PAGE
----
NKS CARE FOR CARERS’ PROJECT
This project was for carers to help them in their role as a carer and to help them to influence the policy debate around carers. The aim of this project was to work closely with South Asian female carers to empower and build resilience among them through advice, knowledge, information and personal development activities.
NKS sought to work closely with South Asian female carers who were isolated and disadvantaged due to many barriers faced by them, and empower as well as build resilience among them. The project aimed to mitigate their experiences of negative physical and mental health. We reached out to hidden and isolated South Asian female carers of children as well as young people with special needs, and to carers of people with long term health conditions. These carers included; mostly unpaid, but paid too, with generally caring roles defined by cultural and gender norms that are so embedded in South Asian communities.
NKS gave isolated South Asian female carers a platform to come together and share information and collectively address those issues that led to barriers for them to improve quality of life, and to influence policy debates at a strategic level. The platform was in the form of carers forum, programme of activities in group settings and one to one support where needed to help them recognise their strengths and use these to make life changes and become more resilient. The activities were aimed at South Asian female carers – paid and unpaid of children, young people and adults who were isolated due to numerous barriers and had little support in the community. The barriers faced by them may relate to lack of information, cultural and gender issues and language barriers.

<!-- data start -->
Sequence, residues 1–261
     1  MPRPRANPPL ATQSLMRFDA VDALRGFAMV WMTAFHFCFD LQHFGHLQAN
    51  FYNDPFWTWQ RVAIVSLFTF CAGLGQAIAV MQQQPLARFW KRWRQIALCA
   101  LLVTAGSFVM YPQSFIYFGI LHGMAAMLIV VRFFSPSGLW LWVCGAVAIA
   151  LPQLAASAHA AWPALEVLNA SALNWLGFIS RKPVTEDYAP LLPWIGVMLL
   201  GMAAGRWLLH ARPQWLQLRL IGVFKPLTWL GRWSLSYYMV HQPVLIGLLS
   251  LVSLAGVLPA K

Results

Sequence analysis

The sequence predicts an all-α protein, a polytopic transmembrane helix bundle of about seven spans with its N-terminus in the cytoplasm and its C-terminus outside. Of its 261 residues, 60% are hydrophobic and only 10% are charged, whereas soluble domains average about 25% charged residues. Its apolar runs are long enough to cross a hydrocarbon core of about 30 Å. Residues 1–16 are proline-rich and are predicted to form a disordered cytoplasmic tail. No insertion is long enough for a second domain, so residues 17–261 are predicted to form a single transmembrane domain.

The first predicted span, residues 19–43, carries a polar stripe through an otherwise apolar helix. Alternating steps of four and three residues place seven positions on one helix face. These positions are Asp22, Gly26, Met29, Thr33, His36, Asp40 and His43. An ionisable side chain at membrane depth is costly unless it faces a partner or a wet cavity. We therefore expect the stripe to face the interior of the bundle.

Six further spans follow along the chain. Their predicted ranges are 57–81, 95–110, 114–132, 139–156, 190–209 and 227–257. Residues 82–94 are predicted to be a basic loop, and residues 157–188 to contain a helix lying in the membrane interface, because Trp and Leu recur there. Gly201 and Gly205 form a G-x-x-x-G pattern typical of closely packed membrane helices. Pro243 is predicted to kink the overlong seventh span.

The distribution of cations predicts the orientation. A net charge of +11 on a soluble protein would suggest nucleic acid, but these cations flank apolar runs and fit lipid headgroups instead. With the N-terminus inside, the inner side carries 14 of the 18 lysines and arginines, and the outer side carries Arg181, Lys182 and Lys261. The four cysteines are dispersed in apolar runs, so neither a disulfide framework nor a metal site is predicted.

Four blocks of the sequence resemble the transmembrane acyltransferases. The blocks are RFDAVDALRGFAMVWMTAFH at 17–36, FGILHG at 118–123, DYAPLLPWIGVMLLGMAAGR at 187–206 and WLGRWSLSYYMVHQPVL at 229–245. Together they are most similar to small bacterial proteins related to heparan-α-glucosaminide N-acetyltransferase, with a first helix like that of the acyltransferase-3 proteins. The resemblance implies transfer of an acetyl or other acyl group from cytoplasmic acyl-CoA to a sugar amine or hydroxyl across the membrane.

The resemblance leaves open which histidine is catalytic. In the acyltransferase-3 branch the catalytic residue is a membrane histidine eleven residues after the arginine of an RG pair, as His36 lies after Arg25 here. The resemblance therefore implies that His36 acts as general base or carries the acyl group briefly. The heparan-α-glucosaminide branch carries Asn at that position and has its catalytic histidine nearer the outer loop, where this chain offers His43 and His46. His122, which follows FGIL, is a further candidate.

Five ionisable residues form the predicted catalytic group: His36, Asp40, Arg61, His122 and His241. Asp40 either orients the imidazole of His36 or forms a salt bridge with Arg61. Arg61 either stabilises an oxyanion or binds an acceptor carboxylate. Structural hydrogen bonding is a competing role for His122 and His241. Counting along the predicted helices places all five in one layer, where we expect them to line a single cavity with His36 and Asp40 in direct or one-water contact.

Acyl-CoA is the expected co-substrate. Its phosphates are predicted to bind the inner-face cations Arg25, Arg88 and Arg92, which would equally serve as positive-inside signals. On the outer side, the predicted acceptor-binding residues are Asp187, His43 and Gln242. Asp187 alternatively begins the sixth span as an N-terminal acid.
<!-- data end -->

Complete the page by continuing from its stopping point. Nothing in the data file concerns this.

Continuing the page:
Through one to one support we helped carers to manage their caring role within the cultural and religious boundaries. One to one support was offered in the area of accessing services, income maximisation, personal needs and development, carers break within acceptable boundaries, building positive relationships within their families, their rights and legal implications for the whole family, support with finding a direction in the way of work, studying, joining English classes or volunteering.
Through programme of activities in group settings around health and well-being, increased social bonding opportunities, information about rights and legal issues, and educational workshops to enable informal learning, and raising physical and mental health status, the carers worked towards improving their quality of life.
One of the crucial contribution of the project was forming a Carers Forum that provided group advocacy opportunities to South Asian female carers; especially unpaid carers experiencing barriers related to race and gender. The forum provided opportunities to share information about the gaps and issues for female carers bringing service providers and carers on one platform to influence policy debate.